Dr. Darrell Rinert, an internist with a license to practice in Tennessee, is accused in a federal grand jury indictment of causing the deaths of four people, after prescribing them hydrocodone repeatedly from 2014-2016. An indictment claims that Rinert routinely prescribed “highly addictive opioids” including morphine sulfate, hydrocodone, oxycodone and dextroamphetamine for patients without a legitimate medical reason.
The state medical board suspended him in November 2018 through May 2019, when his license will expire.
On Friday, U.S. Attorney General William P. Barr released a statement calling the investigation “outstanding.” He added, “The opioid epidemic is the deadliest drug crisis in American history, and Appalachia has suffered the consequences more than perhaps any other region.”
U.S. Department of Health and Human Services Secretary Alex Azar said stopping the illegal sales of opioid prescriptions is a crucial goal for President Donald Trump.
Azar also referred to the operation’s first-of-its-kind effort to get treatment to the patients left behind.
“It is also vital that Americans struggling with addiction have access to treatment and that patients who need pain treatment do not see their care disrupted, which is why federal and local public health authorities have coordinated to ensure these needs are met in the wake of this enforcement operation,” he said. (Click to Source)
More: See the full list of those indicted.
Costa Mesa is taking distributors and manufacturers of opioid pain medication to court in a bid to recoup tax dollars it alleges were spent as a result of the addiction epidemic that has afflicted communities coast to coast.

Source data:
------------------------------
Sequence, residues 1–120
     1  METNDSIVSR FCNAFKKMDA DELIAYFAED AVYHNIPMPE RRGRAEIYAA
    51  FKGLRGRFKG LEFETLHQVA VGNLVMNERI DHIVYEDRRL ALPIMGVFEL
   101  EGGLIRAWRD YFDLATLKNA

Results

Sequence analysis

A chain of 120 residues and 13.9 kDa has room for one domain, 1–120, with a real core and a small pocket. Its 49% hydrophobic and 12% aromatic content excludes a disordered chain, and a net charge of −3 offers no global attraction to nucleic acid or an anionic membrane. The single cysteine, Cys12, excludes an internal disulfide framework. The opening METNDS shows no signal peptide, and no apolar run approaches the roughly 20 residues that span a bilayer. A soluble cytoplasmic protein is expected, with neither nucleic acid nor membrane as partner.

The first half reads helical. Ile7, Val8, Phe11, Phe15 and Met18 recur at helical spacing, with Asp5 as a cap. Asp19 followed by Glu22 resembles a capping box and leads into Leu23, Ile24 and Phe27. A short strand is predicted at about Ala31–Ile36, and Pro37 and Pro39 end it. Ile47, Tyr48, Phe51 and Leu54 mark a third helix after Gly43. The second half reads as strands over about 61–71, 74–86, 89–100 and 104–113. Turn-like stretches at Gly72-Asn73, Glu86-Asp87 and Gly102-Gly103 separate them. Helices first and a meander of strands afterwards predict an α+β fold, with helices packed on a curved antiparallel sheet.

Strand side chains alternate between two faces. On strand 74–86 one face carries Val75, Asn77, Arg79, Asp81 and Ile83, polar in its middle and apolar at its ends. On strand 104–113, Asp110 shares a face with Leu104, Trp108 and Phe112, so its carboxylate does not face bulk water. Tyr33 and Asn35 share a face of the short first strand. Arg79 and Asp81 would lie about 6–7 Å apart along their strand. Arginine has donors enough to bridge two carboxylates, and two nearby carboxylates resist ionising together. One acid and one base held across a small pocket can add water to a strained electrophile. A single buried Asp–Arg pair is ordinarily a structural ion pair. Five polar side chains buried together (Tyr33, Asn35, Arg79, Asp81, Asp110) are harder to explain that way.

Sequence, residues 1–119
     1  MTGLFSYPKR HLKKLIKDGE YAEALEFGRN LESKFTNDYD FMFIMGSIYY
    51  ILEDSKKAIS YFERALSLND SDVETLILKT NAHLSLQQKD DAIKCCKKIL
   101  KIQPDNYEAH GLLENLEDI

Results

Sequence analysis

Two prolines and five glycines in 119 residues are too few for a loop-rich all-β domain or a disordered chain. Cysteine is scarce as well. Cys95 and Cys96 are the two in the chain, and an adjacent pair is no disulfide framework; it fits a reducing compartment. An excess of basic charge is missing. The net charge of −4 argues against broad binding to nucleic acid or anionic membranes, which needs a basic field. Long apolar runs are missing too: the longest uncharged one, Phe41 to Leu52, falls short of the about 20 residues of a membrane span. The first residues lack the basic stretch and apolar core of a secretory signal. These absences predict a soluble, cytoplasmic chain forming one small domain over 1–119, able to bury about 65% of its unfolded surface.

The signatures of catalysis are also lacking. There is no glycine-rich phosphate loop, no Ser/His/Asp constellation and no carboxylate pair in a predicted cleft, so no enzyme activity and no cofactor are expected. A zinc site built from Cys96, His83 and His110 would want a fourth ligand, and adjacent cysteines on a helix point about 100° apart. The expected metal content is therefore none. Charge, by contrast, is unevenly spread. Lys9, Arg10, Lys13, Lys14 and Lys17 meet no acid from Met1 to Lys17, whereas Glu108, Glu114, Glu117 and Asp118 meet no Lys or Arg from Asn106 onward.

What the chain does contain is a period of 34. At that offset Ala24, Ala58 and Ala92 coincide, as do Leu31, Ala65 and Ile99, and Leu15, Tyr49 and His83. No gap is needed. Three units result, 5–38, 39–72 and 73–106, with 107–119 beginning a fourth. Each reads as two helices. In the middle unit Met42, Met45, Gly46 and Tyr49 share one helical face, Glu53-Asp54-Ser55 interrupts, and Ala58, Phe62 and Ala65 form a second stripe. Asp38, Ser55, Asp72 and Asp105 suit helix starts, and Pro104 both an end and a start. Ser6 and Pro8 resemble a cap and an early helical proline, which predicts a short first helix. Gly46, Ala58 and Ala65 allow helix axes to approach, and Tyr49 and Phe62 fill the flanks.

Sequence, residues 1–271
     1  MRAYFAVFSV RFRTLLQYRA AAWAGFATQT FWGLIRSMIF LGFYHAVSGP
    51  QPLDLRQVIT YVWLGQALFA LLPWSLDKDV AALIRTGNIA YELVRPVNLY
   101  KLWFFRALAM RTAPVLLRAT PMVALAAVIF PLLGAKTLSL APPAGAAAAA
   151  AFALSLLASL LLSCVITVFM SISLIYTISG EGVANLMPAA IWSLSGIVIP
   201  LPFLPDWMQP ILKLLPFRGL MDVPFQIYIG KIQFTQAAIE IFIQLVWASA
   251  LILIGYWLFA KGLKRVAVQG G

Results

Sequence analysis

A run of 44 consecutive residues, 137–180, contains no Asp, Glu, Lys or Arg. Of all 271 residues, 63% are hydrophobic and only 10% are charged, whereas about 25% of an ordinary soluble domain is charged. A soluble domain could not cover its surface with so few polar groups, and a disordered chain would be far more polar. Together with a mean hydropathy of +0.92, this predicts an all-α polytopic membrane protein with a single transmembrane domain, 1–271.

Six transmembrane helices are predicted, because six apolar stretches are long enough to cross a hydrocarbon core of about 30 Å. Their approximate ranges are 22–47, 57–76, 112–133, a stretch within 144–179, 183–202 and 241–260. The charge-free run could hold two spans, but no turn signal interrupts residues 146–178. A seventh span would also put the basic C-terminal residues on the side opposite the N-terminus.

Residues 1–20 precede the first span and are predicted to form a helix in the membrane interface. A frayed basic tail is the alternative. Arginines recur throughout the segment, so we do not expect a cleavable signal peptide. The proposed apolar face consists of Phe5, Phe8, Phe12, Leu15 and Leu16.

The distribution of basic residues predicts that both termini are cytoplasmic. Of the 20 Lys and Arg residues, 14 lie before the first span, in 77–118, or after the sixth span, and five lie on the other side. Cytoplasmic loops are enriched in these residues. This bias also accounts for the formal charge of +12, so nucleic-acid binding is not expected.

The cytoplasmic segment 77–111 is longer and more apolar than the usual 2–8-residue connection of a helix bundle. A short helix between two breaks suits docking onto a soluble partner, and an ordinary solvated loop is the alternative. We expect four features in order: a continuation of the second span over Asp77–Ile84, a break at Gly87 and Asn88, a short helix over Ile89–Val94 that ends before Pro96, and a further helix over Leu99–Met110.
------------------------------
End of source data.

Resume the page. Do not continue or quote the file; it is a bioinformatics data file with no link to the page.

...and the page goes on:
In a lawsuit filed March 29, the city argues that the businesses “intentionally flooded the market with opioids and pocketed billions of dollars in the process” while making “false statements designed to persuade both doctors and patients that prescription opioids posed a low risk of addiction.”
Such actions, the city alleges, “have not only caused significant costs but have also created a palpable climate of fear, distress, dysfunction and chaos among Costa Mesa residents where opioid diversion, abuse and addiction are prevalent and where diverted opioids tend to be used frequently.”
Opioids include powerful legal prescription painkillers such as hydrocodone, morphine and oxycodone.
The lawsuit names about a dozen distributors and manufacturers as defendants, including Purdue Pharma, the maker of OxyContin, and certain members of the Sackler family that controls the company.
“This epidemic has personally touched the lives of many members of our community,” Mayor Katrina Foley said in a statement Thursday. “It’s time that we take action and put a halt to the lives being destroyed and the economic drain opioid addiction is placing on our community.”
Purdue Pharma spokesman Bob Josephson wrote in an emailed statement Thursday afternoon that the company “and the individual former directors of the company vigorously deny the allegations in the complaint and will continue to defend themselves against these misleading allegations.”
“The complaint is part of a continuing effort to try these cases in the court of public opinion rather than the justice system,” Josephson wrote. He added that he believes the complaint disregards or fails to note facts about Purdue’s prescription medications and pertinent federal regulations.
“Such serious allegations demand clear evidence linking the conduct alleged to the harm described, but we believe the city fails to show such causation and offers little evidence to support its sweeping legal claims,” he said.
In the suit, Costa Mesa alleges it has seen increased costs in myriad areas as a result of the opioid epidemic, including “medical and therapeutic care,” “counseling, treatment and rehabilitation services,” public safety and code enforcement.
A particularly pressing issue from the city’s perspective is the proliferation of local sober-living homes, which house recovering addicts, including those battling opioid dependence. Costa Mesa “has the largest concentration of sober-living homes in Orange County, creating a plethora of nuisance issues for residents, multiple calls for service by police and fire and millions of dollars in legal fees,” according to a city news release.